If you’re an investor or just curious how esports organizations make money, I can give you a bit of introduction on how tournaments, teams and casting agencies work. I won’t go into the number of esports but I’ll talk strictly about how each org makes money. This will be part 1 of a the series “How do esports orgs make money”. In part 1, I will start with tournaments, then talk about teams and then casters / agencies.
How do tournament organizers make money in esports?
Tournament organizers make money in esports in the following ways:
Sponsorships & Advertising
Sponsorships are the lifeblood of most esports organizations. It’s estimated that roughly 40-45% of revenues come from sponsorships at the moment. Esports relies VERY HEAVILY on this type of revenue.
Advertisements are related to esports event and general content creation. For example, that redbull placement you see in events is tied to a strategic advertisement. They are generally in the range of 15-20% of total dollars.
That adds up to a whopping 55-65% of revenues for these two segments alone. Wow! You usually see these combined when speaking about revenue in esports. For the purposes of this conversation I’ll talk about it as general sponsorship even though they slightly differ.
Endemic vs Non Endemic Sponsorships
Endemic and non endemic sponsors are also important to talk about. Endemic esports sponsors are those who are tied to the esports ecosystem. They’re your headset makers, mice makers, monitor makers and keyboard makers that are seen at every event. They make items specifically targeted to gamers. Non-endemics can be seen as businesses that benefit from marketing in esports but do not necessarily participate in the ecosystem. For example, a non endemic can turn endemic depending on their marketing efforts.
This is pretty self explanatory, ticket sales are a significant source of revenue for tournament organizers. If you sell 3,000 tickets and charge $50, that’s $150,000 in revenue. It’s quite difficult to achieve those numbers at the moment but hopefully we get to consistent levels of sellouts for some events!
Broadcast rights are a source of revenue for tournament organizers as well. Generally, tournament rights are sold to other streaming companies abroad. For example, if a tournament organizer is holding a LAN event, they’d want to sell their rights to foreign languages to further monetize. In turn, the foreign language casters sell their own sponsors on the event and provide their own casters as well.
Another way to sell your broadcast rights are on linear TV. This is a fancy word for traditional TV. I’ve never done this but I know of a few that have. There are a ton of things to watch out for with this. Generally publishers will not give you access to sell your rights to TV companies without talking to them or getting a significant cut.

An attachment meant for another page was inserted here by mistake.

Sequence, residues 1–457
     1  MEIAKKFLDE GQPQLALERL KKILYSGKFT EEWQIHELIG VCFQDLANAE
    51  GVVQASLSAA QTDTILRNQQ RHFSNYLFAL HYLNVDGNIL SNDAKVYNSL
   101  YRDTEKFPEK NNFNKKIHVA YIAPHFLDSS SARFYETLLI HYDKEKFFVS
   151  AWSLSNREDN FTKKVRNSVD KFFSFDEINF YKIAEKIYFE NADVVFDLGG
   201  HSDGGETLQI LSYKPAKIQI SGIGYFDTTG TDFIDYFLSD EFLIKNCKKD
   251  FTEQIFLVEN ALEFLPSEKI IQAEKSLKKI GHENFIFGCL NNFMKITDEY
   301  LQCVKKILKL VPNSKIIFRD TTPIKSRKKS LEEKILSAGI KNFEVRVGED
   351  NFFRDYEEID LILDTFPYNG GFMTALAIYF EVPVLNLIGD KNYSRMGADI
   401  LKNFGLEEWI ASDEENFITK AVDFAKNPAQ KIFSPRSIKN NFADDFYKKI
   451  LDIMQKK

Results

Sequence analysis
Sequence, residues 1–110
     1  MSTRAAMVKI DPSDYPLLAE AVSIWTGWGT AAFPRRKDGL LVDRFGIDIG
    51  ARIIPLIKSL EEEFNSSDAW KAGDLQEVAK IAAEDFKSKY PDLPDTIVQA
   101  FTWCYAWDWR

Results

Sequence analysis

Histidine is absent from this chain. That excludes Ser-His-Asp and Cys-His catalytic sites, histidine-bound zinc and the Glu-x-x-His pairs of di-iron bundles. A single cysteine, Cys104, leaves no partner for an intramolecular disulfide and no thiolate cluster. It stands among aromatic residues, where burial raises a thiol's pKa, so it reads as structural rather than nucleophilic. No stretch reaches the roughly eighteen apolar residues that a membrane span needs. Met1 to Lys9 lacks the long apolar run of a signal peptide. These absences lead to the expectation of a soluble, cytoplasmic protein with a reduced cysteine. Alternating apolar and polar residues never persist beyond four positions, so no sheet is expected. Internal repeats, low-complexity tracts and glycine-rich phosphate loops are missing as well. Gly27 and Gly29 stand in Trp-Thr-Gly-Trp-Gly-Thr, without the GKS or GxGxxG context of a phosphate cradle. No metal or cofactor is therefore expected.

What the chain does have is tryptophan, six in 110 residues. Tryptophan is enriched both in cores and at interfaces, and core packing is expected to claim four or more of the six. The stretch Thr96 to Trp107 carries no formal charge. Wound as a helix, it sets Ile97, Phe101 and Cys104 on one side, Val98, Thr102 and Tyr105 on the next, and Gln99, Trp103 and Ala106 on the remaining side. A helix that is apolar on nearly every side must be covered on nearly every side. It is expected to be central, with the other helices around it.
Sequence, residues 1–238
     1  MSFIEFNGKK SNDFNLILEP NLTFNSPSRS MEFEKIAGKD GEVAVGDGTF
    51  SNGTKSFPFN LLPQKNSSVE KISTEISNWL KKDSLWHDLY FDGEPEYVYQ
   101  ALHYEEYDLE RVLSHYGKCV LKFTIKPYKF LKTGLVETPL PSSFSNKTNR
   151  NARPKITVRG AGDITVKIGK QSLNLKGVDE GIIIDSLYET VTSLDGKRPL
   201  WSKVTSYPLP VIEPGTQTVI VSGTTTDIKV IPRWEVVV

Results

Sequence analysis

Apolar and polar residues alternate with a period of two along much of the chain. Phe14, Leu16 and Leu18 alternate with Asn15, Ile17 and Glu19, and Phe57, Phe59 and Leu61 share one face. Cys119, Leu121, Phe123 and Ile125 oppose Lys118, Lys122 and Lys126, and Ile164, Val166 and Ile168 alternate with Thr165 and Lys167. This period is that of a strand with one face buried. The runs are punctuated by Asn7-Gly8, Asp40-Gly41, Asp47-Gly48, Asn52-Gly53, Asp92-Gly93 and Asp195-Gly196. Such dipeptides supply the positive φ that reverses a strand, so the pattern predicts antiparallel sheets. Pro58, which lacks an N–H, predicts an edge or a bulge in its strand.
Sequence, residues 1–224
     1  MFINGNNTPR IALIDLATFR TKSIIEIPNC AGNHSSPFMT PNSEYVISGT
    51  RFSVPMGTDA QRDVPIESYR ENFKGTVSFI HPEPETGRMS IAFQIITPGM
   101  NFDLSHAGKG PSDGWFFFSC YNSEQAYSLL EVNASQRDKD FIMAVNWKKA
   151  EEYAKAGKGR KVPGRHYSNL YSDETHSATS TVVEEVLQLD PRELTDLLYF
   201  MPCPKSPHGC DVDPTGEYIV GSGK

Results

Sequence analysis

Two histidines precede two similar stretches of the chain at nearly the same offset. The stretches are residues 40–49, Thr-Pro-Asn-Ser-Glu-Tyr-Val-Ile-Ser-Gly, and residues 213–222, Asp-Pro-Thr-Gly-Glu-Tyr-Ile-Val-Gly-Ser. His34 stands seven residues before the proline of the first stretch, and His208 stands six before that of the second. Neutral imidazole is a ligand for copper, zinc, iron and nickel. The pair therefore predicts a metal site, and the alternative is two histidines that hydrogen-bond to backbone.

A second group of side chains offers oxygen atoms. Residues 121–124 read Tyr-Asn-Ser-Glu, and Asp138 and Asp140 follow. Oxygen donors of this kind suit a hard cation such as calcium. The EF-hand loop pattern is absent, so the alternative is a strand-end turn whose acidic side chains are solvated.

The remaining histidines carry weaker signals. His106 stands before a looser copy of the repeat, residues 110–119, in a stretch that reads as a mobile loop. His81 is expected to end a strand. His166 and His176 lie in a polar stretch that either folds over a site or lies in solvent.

It’s important to check what your tournament license states when selling rights. For example, it may be OK with the publishers, but what does your contract at twitch or youtube say? Make sure you double check and always ask.
In game monetization
If tournament organizers get this one, it’s ez money ez life. In game monetization is one of the biggest money makers for publishers in esports. Out of the $1.2 billion figure it’s estimated that 30% or so goes to the publisher DIRECTLY. Esports is definitely a marketing tool for publishers but for the rest of us this money goes a long way.
In game monetization can vary from game to game, sometimes it’s a chest (check out or chest in Dota 2 we got in a while back), sometimes it’s a tournament logo or skin and sometimes it’s some sort of hardware raffle or ticketing system. It really varies. Having these relationships take time and say that the publishers trust you greatly.
Merchandise is another way tournament organizers make money. It could be a split with teams at events or just straight up sell their own merchandise (if anyone want some BEAT Invitational swag just let me know).
It can vary from shirts, keychains, signed memorabilia and more. This honestly isn’t a huge revenue generator at the moment as a lot of esports merchandise is quite faux pas.
Esports Consulting / White Label
See that esports tournament that has been planned, ran to perfection and looks super similar to the other organizers? Chances are, in some games, that there is a white label service behind the scenes actually running the tournament. White labeling is for example slapping on another label on a product and calling it on your own. For example, sponsor X wants to brand their own tournament. They can either hire all the staff inhouse or they can just outsource it to an expert who does that specific game daily / weekly. This makes way more sense to white label the event.
So there you have it! A quick guide on how tournament organizers make money. It’s not fully comprehensive but this is a general guide. In part two I’ll discuss how teams make money and the eventually casters / agencies.
If you have any questions feel free to contact me below on the form or leave a comment below.